“We Are All Affected”

Loyola community gathers to reflect on historic week in Baltimore

By Brigid Hamilton, '06  |  Photos by Jacob Petrini, '16, Sydney Groll, '16, and Emily Brookshire, '16

Following the unrest and peaceful protests, a mandatory curfew, and general uncertainty in the city of Baltimore after the death of Freddie Gray—and later, the announcement of the charges brought against the police officers involved—the Loyola community gathered on the Quad on the evening of Friday, May 1, for “Thinking About Baltimore: We Are All Affected.”

“This historic week for our city has given us much to consider as a university community that is located and deeply invested in Baltimore,” Loyola President Rev. Brian Linnane, S.J., said in a letter to the community earlier in the week. “As the news has unfolded, and we have witnessed reports of both demonstrations and violence in Baltimore, as well as protests occurring in cities around the country, we come face to face with issues that are often easier to overlook or set aside.”

“Thinking About Baltimore: We Are All Affected” provided a platform to acknowledge these issues that are often set aside. The gathering offered students, faculty, staff, and community members an opportunity to share, discuss, and reflect on the week’s events that affected each member of the Loyola community as well as the greater Baltimore area.

Speakers included students who shared stories of racial and social injustice and of their experiences in the peaceful protests in Baltimore and in helping clean up after the destruction of Monday night’s riots; faculty members; and administrators from ALANA Services, the Center for Community Service and Justice, and Campus Ministry, among other departments on campus.

The photographs below are of the Loyola community, coming together to stand in solidarity with our city, to pray for peace and social justice, and to commit to being leaders in making for a better tomorrow in our community—and beyond.

The student organizers of the event welcome attendees and distribute candles and blue bags that would serve as luminaries at dusk, encouraging them to write a thought, reflection, or message about the week’s events on their bag.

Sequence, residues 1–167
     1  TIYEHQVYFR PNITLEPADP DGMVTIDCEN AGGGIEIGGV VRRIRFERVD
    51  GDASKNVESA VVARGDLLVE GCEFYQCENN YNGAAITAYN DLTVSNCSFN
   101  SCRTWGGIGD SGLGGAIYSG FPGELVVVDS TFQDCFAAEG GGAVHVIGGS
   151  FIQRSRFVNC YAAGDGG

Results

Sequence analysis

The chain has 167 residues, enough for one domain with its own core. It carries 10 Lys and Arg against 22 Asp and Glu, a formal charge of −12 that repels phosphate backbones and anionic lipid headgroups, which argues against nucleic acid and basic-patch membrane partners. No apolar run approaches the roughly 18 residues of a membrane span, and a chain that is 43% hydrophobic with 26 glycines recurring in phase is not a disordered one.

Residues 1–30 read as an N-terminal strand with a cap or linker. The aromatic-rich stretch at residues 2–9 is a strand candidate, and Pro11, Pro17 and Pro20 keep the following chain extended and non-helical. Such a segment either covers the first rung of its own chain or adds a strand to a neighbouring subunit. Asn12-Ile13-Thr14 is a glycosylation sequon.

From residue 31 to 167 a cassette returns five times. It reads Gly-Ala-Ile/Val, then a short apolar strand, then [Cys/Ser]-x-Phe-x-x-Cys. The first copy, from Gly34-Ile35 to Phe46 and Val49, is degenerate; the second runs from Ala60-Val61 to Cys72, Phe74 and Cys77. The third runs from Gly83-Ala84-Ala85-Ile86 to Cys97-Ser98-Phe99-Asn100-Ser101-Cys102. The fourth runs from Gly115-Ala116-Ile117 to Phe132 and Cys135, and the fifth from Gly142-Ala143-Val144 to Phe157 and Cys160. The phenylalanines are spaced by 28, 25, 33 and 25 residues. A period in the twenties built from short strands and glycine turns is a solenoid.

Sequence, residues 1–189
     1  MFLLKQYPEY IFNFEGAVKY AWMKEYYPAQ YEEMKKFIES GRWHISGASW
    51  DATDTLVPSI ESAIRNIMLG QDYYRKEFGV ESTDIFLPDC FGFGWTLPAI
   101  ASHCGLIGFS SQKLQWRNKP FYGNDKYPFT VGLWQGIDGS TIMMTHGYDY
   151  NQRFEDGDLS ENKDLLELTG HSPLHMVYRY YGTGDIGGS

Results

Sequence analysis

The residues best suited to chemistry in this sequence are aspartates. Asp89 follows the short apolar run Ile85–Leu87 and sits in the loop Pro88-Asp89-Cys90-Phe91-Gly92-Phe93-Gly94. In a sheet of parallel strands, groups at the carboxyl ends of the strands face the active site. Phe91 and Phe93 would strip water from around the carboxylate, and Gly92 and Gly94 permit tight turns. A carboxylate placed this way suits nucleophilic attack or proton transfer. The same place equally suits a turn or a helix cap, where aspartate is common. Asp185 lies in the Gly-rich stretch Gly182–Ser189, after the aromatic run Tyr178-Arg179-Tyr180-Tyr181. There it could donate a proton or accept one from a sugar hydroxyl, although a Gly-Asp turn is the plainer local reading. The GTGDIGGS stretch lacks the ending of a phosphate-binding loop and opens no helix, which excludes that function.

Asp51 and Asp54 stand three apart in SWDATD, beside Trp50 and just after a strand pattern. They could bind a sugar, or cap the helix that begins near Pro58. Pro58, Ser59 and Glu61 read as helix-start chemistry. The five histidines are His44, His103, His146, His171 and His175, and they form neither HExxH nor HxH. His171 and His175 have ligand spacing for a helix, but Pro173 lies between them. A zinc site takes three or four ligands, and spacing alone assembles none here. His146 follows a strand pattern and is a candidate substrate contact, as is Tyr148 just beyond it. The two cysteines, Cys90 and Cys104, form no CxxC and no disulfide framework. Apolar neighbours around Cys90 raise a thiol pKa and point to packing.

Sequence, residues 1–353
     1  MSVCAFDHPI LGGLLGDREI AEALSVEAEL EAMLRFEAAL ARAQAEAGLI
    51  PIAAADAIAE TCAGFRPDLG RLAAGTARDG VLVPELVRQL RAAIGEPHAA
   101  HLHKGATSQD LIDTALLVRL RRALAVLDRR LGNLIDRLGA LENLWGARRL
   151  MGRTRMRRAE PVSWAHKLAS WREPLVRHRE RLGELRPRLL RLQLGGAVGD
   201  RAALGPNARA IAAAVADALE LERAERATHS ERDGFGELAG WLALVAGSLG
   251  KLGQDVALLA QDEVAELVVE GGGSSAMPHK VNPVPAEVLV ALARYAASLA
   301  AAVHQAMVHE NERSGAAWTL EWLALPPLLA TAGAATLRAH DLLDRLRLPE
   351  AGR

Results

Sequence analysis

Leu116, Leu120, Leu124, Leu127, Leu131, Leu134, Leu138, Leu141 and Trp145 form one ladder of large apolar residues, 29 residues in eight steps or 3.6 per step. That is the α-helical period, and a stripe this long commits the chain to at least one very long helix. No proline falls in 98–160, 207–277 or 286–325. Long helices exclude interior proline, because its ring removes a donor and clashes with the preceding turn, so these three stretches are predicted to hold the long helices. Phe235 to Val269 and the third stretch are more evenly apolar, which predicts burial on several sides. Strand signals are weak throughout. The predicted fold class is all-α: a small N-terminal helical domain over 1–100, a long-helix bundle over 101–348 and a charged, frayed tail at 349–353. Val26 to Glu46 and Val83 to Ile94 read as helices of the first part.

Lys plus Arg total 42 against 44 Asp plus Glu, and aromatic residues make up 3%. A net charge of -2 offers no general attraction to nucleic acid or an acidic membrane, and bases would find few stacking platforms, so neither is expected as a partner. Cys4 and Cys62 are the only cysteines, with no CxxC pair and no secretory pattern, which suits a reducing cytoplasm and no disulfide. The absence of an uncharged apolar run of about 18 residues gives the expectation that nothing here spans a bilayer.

Students experienced a range of emotions as the community came together to reflect on the events of the week.

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Rev. John Murray, S.J., spoke to the group about discerning the week’s events.

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Students sat with friends as they listened to the evening’s speakers.

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Students, faculty, administrators, staff, and community members spread blankets and sat together in the grass in front of the Humanities Center.

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More than 200 members of the Loyola community attended the event, which was student-led and organized in collaboration with ALANA Services, academic affairs, Center for Community Service and Justice, Campus Ministry, Counseling Center, and office of student life.

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Arthur Sutherland, Ph.D., professor of theology, discussed why students, along with himself, should be affected.

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A candlelight vigil for peace and justice was held at sunset.

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The community joined in walking together around the Quad in silent remembrance of the week’s events and the messages of the gathering’s speakers.

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Students held candles and signs they made for peaceful protests earlier in the week as they walked in unison.

The on-campus gathering was part of numerous activities in which students participated around the community, including a peaceful rally on York Road and joining with the York Road Initiative in cleaning up areas of the northern corridor that had been impacted by the unrest.

The office of student engagement and Campus Ministry invited members of the Loyola community to write why they love Baltimore on a whiteboard, pose for a photo, and share on social media using the #OneBaltimore hashtag.

Find out why Loyola Loves Baltimore.

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